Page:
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story.lead_photo.caption AP file photo Paul Petersen, Maricopa County assessor, leaves court Nov. 15 in Salt Lake City. He resigned from his elected position on Tuesday, months after being charged with running a human smuggling operation that paid pregnant women from the Marshall Islands to give up their babies in the U.S.

An Arizona attorney charged with human trafficking in an adoption-for-profit operation targeting Marshallese birth mothers plans to plead guilty to federal charges in Arkansas, his attorney confirmed Thursday.

Paul Petersen, 45, pleaded guilty to related state charges in Arizona on Thursday. He was charged in Arizona and Utah state courts and indicted in federal court in Arkansas, all in October.

Defense attorney Kurt M. Altman of Scottsdale, Ariz., confirmed Thursday afternoon Petersen plans to plead guilty to the federal charges.

"Nothing's final until it's final, but we're confident that it's going to take place," Altman said.

Federal authorities in Arkansas had no comment Thursday. The U.S. District Court docket in Fayetteville showed no new hearings scheduled in the case.

The federal indictment accuses Petersen of paying pregnant women from the Marshall Islands, a small nation in the western Pacific, to give up their children for adoption. He paid their airfare to the United States for that purpose and gave them airfare home, all in violation of a specific clause in a treaty with the islands' government, his indictment says.

In all, Petersen faced 19 federal counts, 32 felony charges in Arizona and 11 illegal adoption counts in Utah.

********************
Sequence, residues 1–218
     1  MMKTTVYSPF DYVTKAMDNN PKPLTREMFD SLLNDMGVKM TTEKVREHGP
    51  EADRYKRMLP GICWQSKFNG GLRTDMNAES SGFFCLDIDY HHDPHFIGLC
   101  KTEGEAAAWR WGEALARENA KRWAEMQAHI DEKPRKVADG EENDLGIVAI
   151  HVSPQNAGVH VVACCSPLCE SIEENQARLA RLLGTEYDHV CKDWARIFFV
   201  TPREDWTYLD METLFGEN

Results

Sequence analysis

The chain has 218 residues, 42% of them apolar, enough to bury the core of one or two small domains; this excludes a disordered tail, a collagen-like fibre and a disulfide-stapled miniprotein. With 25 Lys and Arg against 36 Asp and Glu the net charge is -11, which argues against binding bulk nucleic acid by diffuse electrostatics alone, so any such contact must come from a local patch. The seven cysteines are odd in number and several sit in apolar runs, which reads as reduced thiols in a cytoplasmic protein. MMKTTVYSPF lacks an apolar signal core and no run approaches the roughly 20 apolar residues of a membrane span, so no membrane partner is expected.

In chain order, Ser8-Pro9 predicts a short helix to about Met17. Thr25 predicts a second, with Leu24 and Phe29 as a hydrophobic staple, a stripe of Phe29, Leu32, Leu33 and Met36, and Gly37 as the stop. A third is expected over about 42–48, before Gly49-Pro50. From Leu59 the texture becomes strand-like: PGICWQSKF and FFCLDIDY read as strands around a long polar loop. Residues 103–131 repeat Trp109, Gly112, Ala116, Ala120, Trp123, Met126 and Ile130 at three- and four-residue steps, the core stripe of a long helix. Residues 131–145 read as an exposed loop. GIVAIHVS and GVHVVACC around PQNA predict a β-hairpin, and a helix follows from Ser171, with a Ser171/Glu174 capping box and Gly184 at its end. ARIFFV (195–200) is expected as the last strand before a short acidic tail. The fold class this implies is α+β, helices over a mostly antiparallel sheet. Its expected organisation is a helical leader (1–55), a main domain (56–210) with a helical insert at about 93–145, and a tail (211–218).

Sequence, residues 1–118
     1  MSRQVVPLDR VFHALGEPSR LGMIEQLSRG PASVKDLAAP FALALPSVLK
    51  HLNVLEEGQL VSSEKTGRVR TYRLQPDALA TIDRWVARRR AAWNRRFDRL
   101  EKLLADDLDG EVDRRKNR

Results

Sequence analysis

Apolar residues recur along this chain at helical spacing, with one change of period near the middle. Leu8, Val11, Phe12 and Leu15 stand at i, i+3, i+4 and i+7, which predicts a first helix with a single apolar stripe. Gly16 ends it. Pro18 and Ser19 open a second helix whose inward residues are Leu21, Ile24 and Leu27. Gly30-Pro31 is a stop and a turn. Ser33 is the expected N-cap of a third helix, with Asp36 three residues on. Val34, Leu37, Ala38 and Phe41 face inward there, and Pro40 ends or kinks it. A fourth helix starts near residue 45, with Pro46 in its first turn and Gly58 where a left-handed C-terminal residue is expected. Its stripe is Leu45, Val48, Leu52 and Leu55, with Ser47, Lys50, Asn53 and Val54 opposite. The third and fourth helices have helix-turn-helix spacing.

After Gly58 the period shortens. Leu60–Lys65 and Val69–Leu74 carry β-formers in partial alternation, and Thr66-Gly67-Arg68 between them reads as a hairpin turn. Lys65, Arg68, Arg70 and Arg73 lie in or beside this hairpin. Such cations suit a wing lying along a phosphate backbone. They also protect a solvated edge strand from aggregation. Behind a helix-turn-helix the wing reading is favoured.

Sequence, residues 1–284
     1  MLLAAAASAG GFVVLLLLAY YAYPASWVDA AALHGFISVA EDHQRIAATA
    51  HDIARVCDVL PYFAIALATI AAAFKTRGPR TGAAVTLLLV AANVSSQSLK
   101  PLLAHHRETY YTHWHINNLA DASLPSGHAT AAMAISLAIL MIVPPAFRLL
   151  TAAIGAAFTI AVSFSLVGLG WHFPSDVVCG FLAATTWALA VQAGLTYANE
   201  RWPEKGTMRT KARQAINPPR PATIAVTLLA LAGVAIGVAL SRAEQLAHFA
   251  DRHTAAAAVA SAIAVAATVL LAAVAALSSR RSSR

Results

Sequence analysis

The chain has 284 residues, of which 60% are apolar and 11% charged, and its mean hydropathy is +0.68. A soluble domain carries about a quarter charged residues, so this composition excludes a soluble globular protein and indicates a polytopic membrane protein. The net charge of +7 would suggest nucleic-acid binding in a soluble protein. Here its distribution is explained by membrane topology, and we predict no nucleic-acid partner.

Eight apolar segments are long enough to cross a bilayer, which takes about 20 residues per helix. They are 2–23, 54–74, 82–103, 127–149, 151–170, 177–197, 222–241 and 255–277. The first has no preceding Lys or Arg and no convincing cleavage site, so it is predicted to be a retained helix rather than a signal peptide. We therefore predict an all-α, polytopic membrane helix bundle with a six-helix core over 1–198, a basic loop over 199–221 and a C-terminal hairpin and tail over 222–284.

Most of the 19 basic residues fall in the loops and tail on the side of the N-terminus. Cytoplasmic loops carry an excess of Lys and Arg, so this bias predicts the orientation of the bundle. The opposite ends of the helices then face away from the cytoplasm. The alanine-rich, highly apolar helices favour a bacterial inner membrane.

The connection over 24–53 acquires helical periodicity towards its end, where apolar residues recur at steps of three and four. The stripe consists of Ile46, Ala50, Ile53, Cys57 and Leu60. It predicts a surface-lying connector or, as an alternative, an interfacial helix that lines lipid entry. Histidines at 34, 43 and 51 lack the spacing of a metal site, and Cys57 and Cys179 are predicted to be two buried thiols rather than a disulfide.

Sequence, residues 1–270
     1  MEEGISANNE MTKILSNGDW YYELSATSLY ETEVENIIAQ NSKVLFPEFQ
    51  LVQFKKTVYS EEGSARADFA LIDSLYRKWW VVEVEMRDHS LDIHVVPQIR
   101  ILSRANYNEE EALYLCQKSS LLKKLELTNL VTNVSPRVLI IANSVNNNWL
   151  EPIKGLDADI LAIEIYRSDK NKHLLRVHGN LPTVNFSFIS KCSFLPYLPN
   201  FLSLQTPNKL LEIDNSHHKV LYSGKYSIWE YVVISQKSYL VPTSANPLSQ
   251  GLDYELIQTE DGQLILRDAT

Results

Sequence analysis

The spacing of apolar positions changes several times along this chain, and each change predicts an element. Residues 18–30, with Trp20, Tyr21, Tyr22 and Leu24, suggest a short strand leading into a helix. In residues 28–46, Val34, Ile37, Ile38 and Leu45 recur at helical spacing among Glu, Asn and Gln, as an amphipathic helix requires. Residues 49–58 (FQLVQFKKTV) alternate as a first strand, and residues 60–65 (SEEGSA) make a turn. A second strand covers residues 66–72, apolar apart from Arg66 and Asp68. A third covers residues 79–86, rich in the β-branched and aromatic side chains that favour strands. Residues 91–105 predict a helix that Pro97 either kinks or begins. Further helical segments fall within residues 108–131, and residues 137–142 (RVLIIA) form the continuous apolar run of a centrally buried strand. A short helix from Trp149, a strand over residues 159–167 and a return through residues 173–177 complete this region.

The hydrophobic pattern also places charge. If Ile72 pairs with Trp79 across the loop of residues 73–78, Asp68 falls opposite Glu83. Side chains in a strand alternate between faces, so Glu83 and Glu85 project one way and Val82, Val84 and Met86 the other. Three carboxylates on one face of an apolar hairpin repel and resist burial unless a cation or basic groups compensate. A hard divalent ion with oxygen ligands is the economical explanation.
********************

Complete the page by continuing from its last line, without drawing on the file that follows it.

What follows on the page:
As many as a dozen pregnant women near delivery stayed in one Springdale home at a time, according to the indictment. A birth mother must be an Arkansas resident for at least four months before giving up a baby for adoption, but some of the mothers in the Arkansas adoption cases lived in Oklahoma and others had arrived a matter of weeks before birth and adoption, according to the indictment and testimony in a related civil case.

The federal investigation started in 2016 after local bar associations in Northwest Arkansas complained to federal authorities, according to Duane "Dak" Kees, U.S. attorney for the western district of Arkansas at the time of Petersen's indictment. Kees estimated Petersen's office in Fayetteville arranged for about 30 adoptions a year. His usual terms with adoptive parents required $25,000 up front with another $10,000 once the adoption was finalized, according to court documents.

Adoptive parents paid Petersen's firm for the expectant mothers' housing and food expenses. Petersen's firm deliberately inflated those costs, the federal indictment says. For instance, adoptive parents paid lodging expenses for some mothers who were all staying in the family home of Maki Takehisa of Springdale, Petersen's indicted co-conspirator, the indictment says. Housing and food expenses were minimal at the home, the indictment states.